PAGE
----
I guarantee you will save time compared to your current method, because you don't have to *do* anything, at least not manually. Let checksum do the leg-work!

Also note, during synchronization, there is no "rehashing", only files that do not already exist inside the .hash file will be hashed. Existing hashes are ignored.

I can certainly look into adding absolute paths for all contexts, but I think if you try letting checksum take care of this you will save yourself a lot of hassle.

;o) Cor

flux3000 - 13.07.12 5:57 am

Greetings - first of all, thank you so much for this wonderful tool!

I am wondering - is it not possible to create files with .md5 extension rather than .hash extension when using the batch checksum generator on directories? It seems you only have this option when creating checksums from the files themselves. I am guessing there may be a good reason for this limitation...

Thank you sir!

There is no such limitation! Simply set:

unified_extension=false

And ALL checksum files will have an .md5 or .sha1 extension, regardless of the context.

;o) Cor

Joe - 27.09.12 3:18 pm

All I want is a simple syntax to create 1 checksum file for 1 input file that I can place in a bat file.

I don't want ini files created all over the shop in every user that happens to invoke the command
I don't want popups, ever.

I want a formal syntax that does exactly 1 thing. This is the simplest possible use of a command line yet ...

checksum.exe -qualifier < myfile.txt > myfile.hash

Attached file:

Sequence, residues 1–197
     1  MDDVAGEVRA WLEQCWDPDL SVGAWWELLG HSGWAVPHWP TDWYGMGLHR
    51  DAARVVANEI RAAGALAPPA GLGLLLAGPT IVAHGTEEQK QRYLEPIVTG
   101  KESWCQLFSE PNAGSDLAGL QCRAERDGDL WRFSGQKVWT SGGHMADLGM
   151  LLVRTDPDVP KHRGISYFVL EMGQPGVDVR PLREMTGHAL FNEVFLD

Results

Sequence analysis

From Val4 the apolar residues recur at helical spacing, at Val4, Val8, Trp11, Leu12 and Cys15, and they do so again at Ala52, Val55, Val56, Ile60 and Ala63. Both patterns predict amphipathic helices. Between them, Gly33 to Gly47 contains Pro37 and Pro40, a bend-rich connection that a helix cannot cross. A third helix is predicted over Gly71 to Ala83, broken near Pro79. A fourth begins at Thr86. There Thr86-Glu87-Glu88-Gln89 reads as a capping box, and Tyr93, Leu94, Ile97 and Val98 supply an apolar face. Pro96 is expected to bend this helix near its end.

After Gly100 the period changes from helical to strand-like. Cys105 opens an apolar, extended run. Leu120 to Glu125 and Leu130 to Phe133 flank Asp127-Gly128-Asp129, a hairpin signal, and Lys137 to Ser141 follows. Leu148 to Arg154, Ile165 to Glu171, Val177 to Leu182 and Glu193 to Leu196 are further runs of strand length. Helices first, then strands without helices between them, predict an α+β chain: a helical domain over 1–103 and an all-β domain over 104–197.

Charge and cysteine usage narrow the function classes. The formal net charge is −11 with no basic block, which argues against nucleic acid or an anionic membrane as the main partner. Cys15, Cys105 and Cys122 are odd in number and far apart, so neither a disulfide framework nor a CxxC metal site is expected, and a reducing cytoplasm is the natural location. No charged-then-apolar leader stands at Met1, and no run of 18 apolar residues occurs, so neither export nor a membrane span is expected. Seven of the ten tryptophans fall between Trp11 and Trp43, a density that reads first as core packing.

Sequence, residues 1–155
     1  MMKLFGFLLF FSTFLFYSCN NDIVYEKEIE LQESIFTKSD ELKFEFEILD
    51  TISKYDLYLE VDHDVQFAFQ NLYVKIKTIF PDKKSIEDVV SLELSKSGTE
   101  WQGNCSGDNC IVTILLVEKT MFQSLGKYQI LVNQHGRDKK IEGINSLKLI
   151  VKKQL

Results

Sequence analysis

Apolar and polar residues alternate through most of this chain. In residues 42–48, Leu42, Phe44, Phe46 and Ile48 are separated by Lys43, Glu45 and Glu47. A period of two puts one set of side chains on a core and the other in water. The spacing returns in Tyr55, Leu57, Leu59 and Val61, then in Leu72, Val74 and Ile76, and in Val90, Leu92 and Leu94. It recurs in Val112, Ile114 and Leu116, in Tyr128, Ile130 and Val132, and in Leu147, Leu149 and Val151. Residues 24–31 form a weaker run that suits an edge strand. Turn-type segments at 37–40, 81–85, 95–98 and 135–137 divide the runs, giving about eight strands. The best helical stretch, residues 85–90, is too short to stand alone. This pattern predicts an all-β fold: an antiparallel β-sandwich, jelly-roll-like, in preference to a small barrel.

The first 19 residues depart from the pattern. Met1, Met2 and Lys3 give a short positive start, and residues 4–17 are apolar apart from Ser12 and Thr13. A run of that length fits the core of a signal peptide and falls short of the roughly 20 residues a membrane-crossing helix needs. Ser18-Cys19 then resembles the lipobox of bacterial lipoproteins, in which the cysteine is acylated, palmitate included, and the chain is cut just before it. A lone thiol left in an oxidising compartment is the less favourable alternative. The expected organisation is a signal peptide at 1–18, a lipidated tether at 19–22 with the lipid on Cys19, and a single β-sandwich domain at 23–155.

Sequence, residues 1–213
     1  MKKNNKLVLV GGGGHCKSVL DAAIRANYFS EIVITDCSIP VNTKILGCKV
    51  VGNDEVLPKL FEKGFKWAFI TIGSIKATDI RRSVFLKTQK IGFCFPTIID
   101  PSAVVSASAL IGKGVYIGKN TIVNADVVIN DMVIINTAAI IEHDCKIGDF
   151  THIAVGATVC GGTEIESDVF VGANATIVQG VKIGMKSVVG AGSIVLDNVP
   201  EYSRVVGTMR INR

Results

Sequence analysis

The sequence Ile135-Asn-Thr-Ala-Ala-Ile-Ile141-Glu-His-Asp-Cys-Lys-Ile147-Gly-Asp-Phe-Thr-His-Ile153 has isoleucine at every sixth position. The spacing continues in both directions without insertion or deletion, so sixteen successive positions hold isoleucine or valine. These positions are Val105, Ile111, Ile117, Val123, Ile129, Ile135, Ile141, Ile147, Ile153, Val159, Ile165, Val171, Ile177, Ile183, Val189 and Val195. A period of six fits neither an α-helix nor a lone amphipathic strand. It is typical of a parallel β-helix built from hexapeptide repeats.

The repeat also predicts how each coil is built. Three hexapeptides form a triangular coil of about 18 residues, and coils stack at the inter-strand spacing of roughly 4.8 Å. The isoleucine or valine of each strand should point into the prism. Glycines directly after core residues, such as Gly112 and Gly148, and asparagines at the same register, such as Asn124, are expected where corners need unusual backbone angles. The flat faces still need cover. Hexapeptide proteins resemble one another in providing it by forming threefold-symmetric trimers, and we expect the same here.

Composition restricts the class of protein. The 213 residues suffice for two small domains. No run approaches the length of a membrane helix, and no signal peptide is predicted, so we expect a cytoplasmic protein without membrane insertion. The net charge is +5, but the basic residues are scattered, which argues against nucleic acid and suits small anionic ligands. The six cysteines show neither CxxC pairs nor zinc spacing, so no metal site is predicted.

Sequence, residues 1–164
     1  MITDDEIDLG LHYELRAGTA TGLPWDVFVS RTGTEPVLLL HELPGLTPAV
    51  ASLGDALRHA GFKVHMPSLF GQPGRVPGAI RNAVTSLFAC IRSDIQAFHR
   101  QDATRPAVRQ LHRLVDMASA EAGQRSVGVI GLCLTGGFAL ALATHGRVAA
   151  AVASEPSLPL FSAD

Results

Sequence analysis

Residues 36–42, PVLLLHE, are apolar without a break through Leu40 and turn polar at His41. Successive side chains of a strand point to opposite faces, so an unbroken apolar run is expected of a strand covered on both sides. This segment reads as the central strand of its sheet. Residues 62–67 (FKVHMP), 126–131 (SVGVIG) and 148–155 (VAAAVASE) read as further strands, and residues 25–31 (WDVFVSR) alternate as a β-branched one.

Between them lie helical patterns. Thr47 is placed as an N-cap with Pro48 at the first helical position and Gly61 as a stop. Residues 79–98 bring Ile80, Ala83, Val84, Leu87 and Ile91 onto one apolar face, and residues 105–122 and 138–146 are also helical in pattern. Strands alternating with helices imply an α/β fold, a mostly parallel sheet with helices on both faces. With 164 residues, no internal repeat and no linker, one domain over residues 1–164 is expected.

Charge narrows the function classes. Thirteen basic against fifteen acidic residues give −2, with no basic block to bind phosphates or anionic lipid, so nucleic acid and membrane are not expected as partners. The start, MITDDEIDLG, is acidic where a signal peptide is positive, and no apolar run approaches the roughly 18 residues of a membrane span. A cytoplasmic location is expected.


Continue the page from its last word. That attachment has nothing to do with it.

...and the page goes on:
The normal syntax will work fine. See above for how to get no "popups", as you call them. I don't know what you mean by "helpful crap", though it does sound like a contradiction in terms. Everything you need is in the documentation.

;o) Cor

Art - 28.09.12 9:26 pm

Hi Cor,
Excellent work on checksum, impressive amount of effort to cater for (so many!) various options. Still having some trouble to make it perform the way I'd like though. I'm wondering whether I've misunderstood the .ini settings, and whether you could explain.

The problem: I need to protect an entire OS inside a virtual machine from user-tampering, more specifically, from introducing their own executables renamed as OS .exes, .dlls, coms, and such. (I can prevent any unrecognised process from executing using other means). So I set out_dir to some location users can neither see nor access, and run checksum.exe cr on c:\windows\system32 with a mask for *.exe,*.dll etc, set absolute_paths=true, and all .hash files are created in my destination dir as expected.